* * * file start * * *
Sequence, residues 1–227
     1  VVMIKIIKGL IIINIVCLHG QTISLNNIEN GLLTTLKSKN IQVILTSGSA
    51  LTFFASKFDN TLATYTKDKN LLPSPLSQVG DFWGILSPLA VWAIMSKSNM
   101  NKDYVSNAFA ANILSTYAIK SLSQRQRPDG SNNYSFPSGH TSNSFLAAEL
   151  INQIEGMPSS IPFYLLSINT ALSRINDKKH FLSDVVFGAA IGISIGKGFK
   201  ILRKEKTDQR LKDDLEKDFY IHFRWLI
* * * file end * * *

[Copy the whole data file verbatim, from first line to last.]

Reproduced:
Sequence, residues 1–227
     1  VVMIKIIKGL IIINIVCLHG QTISLNNIEN GLLTTLKSKN IQVILTSGSA
    51  LTFFASKFDN TLATYTKDKN LLPSPLSQVG DFWGILSPLA VWAIMSKSNM
   101  NKDYVSNAFA ANILSTYAIK SLSQRQRPDG SNNYSFPSGH TSNSFLAAEL
   151  INQIEGMPSS IPFYLLSINT ALSRINDKKH FLSDVVFGAA IGISIGKGFK
   201  ILRKEKTDQR LKDDLEKDFY IHFRWLI